Christmas Fortune: Eat Chinese
Chomp is always one for culture. And by culture, Chomp means ethnic foods and food related traditions. There is not a food festival in Pittsburgh that Chomp has not graced at least once, nor is there a cultural custom that has gone uncelebrated in Chomp’s household. Or so Chomp thought.
Strangely, up until this year, Chomp had never experienced the cultural phenomenon of eating Chinese food on Christmas and after realizing this, immediately resolved to do so during the Yuletide. Enlisting the assistance of Mother of Chomp (MOC), Chomp set out to find the best Chinese restaurant in town for the coming Christmas adventure.
After extensive online research, however, Chomp grew dismayed. It seemed that a vast number of restaurants were closed Christmas day, and those that were indeed open had not garnered favorable reviews. That is, until Chomp happened upon Wai Wai.
After seeing the restaurant’s name on the internet, Chomp thought it looked familiar. When Chomp asked MOC about the restaurant, she replied that she knew it was located in Bloomfield, though she had never eaten there. Interested enough, Chomp and MOC decided to make Wai Wai their Christmas lunch destination of choice.
When Christmas day rolled around, Chomp and MOC headed to Wai Wai as planned. After arriving and being seated by the friendly waiter, MOC proceeded to peruse the menu while Chomp eagerly listened to the couple at the next table, who appeared to be speaking in French. A few minutes later, two elderly women decked out in full Christmas gear also stopped by Wai Wai to grab some lunch. Apparently Chomp was not the only one with bright ideas…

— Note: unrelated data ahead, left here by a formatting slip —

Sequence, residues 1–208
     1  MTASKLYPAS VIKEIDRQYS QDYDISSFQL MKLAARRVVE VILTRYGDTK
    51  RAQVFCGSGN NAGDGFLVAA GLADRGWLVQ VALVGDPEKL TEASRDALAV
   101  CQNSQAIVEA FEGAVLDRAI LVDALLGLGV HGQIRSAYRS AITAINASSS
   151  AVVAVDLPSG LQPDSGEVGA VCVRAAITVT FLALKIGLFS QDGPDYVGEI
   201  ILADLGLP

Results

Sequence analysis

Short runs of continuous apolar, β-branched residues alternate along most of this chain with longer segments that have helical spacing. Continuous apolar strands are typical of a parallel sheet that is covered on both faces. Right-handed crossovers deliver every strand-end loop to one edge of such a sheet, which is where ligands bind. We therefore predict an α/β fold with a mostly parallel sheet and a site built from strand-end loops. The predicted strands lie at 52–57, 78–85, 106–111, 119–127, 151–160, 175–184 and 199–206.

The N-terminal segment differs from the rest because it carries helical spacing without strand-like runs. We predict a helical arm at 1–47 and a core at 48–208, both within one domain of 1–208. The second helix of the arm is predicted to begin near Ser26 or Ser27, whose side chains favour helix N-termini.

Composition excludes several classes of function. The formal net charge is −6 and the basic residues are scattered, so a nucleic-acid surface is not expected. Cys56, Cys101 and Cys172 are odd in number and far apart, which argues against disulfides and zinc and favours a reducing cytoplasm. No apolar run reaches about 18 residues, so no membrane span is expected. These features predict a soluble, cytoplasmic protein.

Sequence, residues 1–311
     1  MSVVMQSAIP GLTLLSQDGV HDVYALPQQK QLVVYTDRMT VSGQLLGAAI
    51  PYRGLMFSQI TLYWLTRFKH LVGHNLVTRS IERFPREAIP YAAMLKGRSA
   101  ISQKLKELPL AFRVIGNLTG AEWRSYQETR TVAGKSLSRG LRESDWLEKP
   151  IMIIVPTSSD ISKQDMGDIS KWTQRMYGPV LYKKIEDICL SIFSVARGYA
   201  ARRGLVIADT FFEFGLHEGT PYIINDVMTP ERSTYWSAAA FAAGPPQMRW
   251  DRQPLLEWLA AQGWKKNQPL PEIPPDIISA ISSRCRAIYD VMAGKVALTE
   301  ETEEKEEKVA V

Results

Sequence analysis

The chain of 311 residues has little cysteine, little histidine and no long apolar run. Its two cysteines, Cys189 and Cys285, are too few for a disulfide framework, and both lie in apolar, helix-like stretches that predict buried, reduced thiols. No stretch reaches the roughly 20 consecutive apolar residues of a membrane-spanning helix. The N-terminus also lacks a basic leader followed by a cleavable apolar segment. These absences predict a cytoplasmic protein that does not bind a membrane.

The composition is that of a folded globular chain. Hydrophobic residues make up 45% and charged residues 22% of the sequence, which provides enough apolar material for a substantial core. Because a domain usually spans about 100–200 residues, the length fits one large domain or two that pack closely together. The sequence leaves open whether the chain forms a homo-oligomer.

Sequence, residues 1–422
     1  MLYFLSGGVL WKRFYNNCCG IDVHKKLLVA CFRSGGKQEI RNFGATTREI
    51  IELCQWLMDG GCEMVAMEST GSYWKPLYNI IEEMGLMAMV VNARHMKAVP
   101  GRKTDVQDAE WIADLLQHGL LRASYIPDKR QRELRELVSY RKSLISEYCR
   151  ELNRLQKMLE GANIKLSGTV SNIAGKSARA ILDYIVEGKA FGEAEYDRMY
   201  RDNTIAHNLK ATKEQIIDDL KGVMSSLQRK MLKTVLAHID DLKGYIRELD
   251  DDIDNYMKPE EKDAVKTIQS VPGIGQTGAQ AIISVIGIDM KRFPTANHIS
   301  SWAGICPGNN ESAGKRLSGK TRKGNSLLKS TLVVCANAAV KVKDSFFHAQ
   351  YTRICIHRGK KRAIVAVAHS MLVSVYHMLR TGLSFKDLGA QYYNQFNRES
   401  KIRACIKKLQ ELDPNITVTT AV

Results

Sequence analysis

Growing weary of observing the other patrons, Chomp also turned towards the menu. MOC suggested sharing, and Chomp, always delighted to sample two dishes instead of one, concurred immediately. A cup of hot and sour soup each, tofu with black bean sauce and Singapore mai fun, which consisted of pork, shrimp and chicken stir fried in a spicy curry sauce, were agreed upon.
After a wait of no more than three minutes, the waiter brought out the hot and sour soup, piping hot. At first, MOC thought the waiter had made an error and brought bowls of soup instead of cups. The waiter assured her that he had not made an error and that Wai Wai’s cups were simply unusually large. Chomp, always happy for the extra food, was extremely pleased by this and inhaled the deliciously spicy soup.
As soon as the soup had been drunk and the cups surreptitiously licked clean, the main dishes were served. The tofu with black bean sauce was served with a variety of vegetables including zucchini, peppers and black mushrooms. The sauce was delightful, with each whole black bean providing a particularly potent pop of flavor, and the tofu was fried to perfection. The curry sauce on the Singapore mai fun was not too thick and contained a combination of spices unfamiliar to Chomp but delicious all the same.
As a result of Wai Wai’s high quality offerings, Chomp and MOC have decided to make the restaurant an annual Christmas destination, but it is certain that both will return to sample more of Wai Wai’s creations before the next holiday season. With the eating experience complete, it came as no surprise to Chomp to discover, as the waiter said, that “wai” means clever, but “wai wai” means tasty.